No Such Thing As A Casual Worshiper

O God, you are my God; earnestly I seek you; my soul thirsts for you; my flesh faints for you, as in a dry and weary land where there is no water (Psalm 63:1).

“Make life choices that reveal the supreme worth of God above what the world values supremely” ~ John Piper[1]

It doesn’t seem to me like David is a casual worshiper, as though there could be such a thing.  Instead, he says, “Because [God’s] steadfast love is better than life, my lips will praise you” (V. 3).  He goes on to say, “I will bless you as long as I live” (V. 4).  His soul was satisfied in God (V. 5).  Even when he should have been sleeping, he couldn’t help but think about God (V. 6).  He says, “My soul clings to you,” and he rejoices in God (V. 8, 11).  Because of how precious God is to him, he urged the congregation of worshipers with these words: “Trust in him at all times, O people; pour out your heart before him; God is a refuge for us” (Ps. 62:8).

When I read these words from David, I can’t help but wonder about the level of commitment some of us have, myself included.  Is God simply an add-on to my life or is he my main focus? So often in the busyness of life God is relegated to the sidelines while I’m preoccupied with my own stuff (pardon the technical language).

God speaks to us through this Psalm by bursting our selfishness into pieces, reminding us that he is everything.  And because he’s everything, he deserves our full allegiance.  And giving God our full allegiance sometimes means putting other things in our life to death.

1.  We may have to end a relationship or a friendship.  I’ll never forget when I heard shai linne say, “Sometimes we have to die socially in order to grow spiritually.”  In 1 Cor. 15:33 Paul said, “Do not be deceived: ‘Bad company corrupts good morals.’”  We need to let go of those things in our lives that are stopping us from serving God with reckless abandon.

2.  We need to realize that this won’t always be easy.  But Jesus never said it would be.  In Matt. 10:34-38, for example, he said, “Do not think that I have come to bring peace to the earth. I have not come to bring peace, but a sword.   For I have come to set a man against his father, and a daughter against her mother, and a daughter-in-law against her mother-in-law.  And a person’s enemies will be those of his own household.  Whoever loves father or mother more than me is not worthy of me, and whoever loves son or daughter more than me is not worthy of me.   And whoever does not take his cross and follow me is not worthy of me.”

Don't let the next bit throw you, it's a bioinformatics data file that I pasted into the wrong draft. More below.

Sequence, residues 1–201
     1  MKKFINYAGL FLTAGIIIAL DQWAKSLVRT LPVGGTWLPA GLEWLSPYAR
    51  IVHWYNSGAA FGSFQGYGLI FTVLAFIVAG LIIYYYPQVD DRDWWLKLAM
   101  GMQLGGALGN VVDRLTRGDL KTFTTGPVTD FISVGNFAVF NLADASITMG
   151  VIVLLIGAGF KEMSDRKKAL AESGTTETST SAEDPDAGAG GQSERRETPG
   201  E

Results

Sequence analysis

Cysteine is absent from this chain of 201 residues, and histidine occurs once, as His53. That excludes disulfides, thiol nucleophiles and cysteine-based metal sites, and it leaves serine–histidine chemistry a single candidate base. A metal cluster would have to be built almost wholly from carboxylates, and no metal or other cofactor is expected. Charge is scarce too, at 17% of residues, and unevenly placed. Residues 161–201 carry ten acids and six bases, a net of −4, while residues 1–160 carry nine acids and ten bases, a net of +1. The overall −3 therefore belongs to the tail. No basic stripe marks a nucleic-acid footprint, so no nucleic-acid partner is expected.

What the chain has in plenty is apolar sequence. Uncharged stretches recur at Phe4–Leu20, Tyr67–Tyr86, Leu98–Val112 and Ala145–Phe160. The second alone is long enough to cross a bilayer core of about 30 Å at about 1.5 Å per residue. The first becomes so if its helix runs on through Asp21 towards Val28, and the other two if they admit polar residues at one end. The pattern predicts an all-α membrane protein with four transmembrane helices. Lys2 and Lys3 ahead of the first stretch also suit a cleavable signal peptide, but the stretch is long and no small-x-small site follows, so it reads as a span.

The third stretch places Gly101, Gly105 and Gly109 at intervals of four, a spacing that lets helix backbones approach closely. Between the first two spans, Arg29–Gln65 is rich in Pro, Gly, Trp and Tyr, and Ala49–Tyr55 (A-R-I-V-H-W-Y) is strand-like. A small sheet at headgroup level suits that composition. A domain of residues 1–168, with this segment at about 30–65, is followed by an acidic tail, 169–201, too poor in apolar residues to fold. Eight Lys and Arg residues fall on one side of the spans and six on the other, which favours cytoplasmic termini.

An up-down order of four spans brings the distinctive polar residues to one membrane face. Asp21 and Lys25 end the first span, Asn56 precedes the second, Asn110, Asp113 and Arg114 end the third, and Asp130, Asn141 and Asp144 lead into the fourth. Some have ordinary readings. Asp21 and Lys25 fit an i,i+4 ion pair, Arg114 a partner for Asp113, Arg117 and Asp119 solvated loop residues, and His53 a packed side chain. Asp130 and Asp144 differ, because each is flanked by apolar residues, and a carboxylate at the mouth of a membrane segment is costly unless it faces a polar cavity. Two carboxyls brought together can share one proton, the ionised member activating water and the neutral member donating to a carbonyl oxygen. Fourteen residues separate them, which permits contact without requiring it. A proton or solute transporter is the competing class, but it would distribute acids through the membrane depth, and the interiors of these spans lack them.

Francis Chan is right: “If life is a river, then pursuing Christ requires swimming upstream.”[2]  This kind of life is only possible if, like David, we find so much satisfaction in God that we couldn’t care less what others think of us.  Only then can we say with Paul, “To live is Christ and to die is gain” (Phil. 1:21).

3.  We must come to realize that giving our lives away in service to Jesus is the good life.  Many people throughout history have sought the good life.  Some thought it was found in salacious sensuality while others believed it was secured through self-abasement.  No, only Jesus has the correct answer: “Whoever finds his life will lose it, and whoever loses his life for my sake will find it” (Matt. 10:34).  In loving and serving others we find the purpose for which God created us.  Spurgeon put it this way: “It is our duty and our privilege to exhaust our lives for Jesus. . . .  [W]e are to spend and to be spent, not to lay ourselves up in lavender, and nurse our flesh.”[3]  God redeemed us so that so that we might do good works in his name.  This has been his
plan from all eternity (Eph. 2:10).  The good news is that God’s grace is working out in
our lives to bring these good deeds to fruition (Phil. 2:12-13).  May we see the practical effect of our love for God in moving us to serve him in ways that reveal his greatness and display his worth.

O God, give us eyes to behold the beauty of your Son.  And being captivated by his majestic beauty, may we find our only lasting satisfaction.  Then, cause us to be willing to lay our lives down so that others might be entranced by that same love and beauty.


[1] John Piper, A Godward Life: Savoring the Supremacy of God in All of Life (Sisters: Multnomah, 1997), 63.

[2] Francis Chan, Crazy Love: Overwhelmed by a Relentless God (Colorado Springs: David Cook, 2008), 95.

[3] Charles Spurgeon, Lectures to My Students (Peabody: Hendrickson, 2010), 162.

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